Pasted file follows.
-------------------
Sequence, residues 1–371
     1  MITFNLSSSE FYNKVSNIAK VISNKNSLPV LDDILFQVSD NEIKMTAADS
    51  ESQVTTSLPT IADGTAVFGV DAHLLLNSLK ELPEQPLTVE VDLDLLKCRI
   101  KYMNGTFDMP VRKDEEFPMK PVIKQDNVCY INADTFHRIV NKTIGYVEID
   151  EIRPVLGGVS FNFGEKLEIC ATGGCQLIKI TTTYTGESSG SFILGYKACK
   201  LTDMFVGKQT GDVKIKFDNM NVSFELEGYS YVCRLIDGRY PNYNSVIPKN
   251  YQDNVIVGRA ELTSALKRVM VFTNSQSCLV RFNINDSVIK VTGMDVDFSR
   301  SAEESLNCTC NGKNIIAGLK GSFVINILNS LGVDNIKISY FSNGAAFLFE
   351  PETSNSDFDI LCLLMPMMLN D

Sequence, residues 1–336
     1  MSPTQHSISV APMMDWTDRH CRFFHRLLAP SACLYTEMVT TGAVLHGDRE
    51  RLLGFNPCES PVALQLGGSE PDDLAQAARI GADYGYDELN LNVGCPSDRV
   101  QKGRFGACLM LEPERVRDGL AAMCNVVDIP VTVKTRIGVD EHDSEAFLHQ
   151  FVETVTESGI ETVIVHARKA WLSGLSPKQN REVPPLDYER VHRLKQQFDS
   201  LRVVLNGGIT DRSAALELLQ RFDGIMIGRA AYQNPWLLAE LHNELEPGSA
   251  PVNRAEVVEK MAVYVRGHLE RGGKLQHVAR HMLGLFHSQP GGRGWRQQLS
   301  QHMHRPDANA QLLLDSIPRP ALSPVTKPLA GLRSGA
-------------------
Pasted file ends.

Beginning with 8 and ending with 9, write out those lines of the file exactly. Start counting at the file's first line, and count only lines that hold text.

   301  SAEESLNCTC NGKNIIAGLK GSFVINILNS LGVDNIKISY FSNGAAFLFE
   351  PETSNSDFDI LCLLMPMMLN D